Minneapolis woman claims racism after police, EMS allegedly use ketamine on sick boyfriend

She said he was having a seizure due to diabetes, but police and EMS allegedly administered a potentially deadly dose of ketamine, which put him in the ICU.
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A Minneapolis woman is accusing the Minneapolis Police Department and Hennepin HealthCare of racism after she said her Black boyfriend was having a seizure and they administered a potentially fatal amount of ketamine.

The incident happened the morning of Sunday, July 26, at their apartment in the Uptown area of Minneapolis, Abby Florence wrote in a Facebook post on Friday, July 31, about her boyfriend Max Jonson.

"This happened because Max is a 6-foot-5 Black man. My whiteness was not enough to save him from the Hennepin Healthcare EMS and MPD’s egregious racism and life-threatening decisions," Johnson wrote. "I believe that police brutality and racism is more of a health risk to Max than his Type I diabetes."

According to her account, Johnson was having a seizure and she called 911. While on the phone with 911, she noticed Johnson's "cold, clammy hands" and knew he was hypoglycemic (dangerously low blood sugar) and that caused his seizure. She told this to the dispatchers and to Hennepin Healthcare EMS when they arrived at their apartment about 5 minutes later.

Once EMS arrived, Florence said Johnson was in a post-seizure state, noting he was calm and catatonic. She says they waited about 7 minutes to administer glucagon, despite Florence telling them she believed low-blood sugar caused this.  

She says the glucagon was administered after Johnson "came to" from his seizure. He subsequently doesn't remember anything, but Florence says he was "observably terrified" and whispered, "Help me, help me." 

Johnson became combative when EMS and two firemen "forcibly held him down," trying to relax him, she said. 

EMS had called police for backup, and Florence said officers kept coming in their small apartment until it was filled.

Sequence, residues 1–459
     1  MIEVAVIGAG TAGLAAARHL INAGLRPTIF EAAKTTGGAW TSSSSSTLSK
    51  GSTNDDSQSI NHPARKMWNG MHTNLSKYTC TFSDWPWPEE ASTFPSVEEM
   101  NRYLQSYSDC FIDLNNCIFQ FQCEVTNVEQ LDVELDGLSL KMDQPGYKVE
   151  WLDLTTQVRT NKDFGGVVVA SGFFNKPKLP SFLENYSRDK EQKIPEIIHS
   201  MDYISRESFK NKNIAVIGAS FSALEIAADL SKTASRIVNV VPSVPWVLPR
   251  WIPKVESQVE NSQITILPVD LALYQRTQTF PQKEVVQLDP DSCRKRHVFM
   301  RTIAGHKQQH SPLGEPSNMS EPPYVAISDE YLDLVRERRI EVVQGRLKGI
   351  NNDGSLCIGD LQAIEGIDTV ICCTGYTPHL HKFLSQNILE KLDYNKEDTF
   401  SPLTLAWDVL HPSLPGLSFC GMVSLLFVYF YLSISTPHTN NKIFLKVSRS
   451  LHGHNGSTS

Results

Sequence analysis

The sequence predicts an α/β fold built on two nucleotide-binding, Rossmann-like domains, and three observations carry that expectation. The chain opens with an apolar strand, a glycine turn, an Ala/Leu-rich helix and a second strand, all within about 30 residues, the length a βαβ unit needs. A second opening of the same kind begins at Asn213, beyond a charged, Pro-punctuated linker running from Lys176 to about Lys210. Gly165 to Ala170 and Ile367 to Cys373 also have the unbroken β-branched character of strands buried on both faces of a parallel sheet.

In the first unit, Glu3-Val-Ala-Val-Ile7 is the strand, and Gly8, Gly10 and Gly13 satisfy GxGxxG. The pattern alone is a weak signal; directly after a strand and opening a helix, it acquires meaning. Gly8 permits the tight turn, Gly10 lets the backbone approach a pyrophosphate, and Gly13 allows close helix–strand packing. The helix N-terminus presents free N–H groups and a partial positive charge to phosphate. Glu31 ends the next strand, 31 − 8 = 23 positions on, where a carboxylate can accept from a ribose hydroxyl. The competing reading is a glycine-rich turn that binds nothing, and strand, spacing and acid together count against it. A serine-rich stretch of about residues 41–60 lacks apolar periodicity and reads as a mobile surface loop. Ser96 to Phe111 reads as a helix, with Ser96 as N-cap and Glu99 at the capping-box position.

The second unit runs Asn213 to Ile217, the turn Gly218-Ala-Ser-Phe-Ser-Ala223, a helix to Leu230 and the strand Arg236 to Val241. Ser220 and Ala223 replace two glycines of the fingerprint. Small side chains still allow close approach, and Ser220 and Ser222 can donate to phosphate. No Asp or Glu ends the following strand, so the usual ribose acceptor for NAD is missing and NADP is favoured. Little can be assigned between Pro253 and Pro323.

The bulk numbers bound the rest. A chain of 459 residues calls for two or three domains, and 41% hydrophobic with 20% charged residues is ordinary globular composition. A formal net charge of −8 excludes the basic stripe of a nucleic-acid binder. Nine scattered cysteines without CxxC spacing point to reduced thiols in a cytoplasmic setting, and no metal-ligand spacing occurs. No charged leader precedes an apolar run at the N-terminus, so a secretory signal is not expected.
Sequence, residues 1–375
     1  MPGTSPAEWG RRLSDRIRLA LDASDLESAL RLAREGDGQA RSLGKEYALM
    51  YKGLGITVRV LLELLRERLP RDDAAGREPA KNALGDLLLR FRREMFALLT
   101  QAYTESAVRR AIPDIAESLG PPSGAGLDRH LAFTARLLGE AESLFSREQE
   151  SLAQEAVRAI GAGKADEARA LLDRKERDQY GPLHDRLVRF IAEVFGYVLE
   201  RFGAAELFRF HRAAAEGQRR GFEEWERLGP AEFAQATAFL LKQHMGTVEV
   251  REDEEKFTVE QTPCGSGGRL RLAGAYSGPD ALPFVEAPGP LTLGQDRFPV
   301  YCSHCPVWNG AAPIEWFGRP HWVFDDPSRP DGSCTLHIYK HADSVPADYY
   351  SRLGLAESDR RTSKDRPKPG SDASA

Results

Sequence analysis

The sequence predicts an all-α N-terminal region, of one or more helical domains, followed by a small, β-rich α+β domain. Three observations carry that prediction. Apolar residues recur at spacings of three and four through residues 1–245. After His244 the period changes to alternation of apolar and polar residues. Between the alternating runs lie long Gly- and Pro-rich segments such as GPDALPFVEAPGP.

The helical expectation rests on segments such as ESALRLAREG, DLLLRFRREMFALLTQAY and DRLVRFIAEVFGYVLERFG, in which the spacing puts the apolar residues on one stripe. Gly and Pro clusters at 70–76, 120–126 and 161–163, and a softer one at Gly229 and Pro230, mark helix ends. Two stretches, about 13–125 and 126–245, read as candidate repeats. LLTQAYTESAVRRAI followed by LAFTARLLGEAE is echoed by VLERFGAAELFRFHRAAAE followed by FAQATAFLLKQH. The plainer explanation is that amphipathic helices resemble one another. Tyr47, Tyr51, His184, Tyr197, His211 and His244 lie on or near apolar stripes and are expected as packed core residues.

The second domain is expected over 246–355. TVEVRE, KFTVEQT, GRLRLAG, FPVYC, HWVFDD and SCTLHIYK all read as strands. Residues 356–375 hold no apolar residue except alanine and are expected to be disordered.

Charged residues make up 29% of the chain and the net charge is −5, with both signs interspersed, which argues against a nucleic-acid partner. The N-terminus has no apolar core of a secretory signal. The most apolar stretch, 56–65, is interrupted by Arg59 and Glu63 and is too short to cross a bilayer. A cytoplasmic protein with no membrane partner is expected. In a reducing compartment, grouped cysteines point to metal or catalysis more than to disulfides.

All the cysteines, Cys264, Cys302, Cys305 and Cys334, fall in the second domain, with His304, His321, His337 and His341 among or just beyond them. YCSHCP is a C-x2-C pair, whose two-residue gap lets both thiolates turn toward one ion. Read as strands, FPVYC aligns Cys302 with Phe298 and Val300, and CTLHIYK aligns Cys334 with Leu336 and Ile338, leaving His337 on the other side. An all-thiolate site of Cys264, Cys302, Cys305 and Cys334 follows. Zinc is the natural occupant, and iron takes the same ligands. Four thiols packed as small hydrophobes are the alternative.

Despite Florence having told EMS she believes he seized due to his Type 1 Diabetes, police repeatedly asked her what drugs Johnson was on, saying, "I don't want to search your apartment, I just need to know what he's on."

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Florence heard an officer tell another that they had administered "three ketamine, a 'V' word drug, and eight ketamine." A few days later, she found out Johnson was given 20 milligrams of Versed and 500 milligrams of ketamine, alleging what police did was "attempted murder," citing it was the same amount of ketamine given to Elijah McClain who died in Colorado in 2019. 

"... Max was wrongfully put in the ICU due to the racism of Hennepin Healthcare EMS and MPD that consequently led to the use of a potentially deadly dose of ketamine," Florence wrote, noting he was on a ventilator in ICU for two days but is back home now.

According to Florence, she spoke with the medical director of the emergency department at Hennepin Healthcare, who agreed that this wouldn't have happened of Johnson was white. 

Hennepin Healthcare issued the following statement in response to the allegations:

"We have seen the social media discussion about the care a patient received in our system. We do not discuss individual patient care publicly, but when a patient or family member has concerns we answer their questions about the medical decisions that were made.

"It is critical that we listen to the perspectives of people of color who are concerned that the care and treatment they receive may be different, based only on the color of their skin. We see and acknowledge the data that shows huge disparities in health outcomes in Minnesota based on race. We own this reality as a health system and are committed to working to ensure that health systems do not contribute to these harms."

BMTN reached out to the Minneapolis Police Department on Friday, but it has not responded. 

Ketamine use controversy in Minneapolis

The use of ketamine, which has historically been known for being a horse tranquilizer, has been scrutinized in recent years after a Star Tribune investigation found Minneapolis Police Department urged Hennepin Healthcare EMS to use it to subdue people during distress calls, which in some cases led to people to stop breathing or their hearts to stop. 

The City of Minneapolis called for an investigation. In 2019, Hennepin Healthcare released its review into ketamine use on police subjects, vowing to change its procedures

Minnesota state Rep. Mohamud Noor, DFL-Minneapolis, in a post on Facebook called for an "immediate investigation" into what happened.

He told WCCO in a statement, "It is unacceptable that this man, who was experiencing a medical emergency, was given this dangerous drug that can result in life-threatening conditions — as it did in this case."

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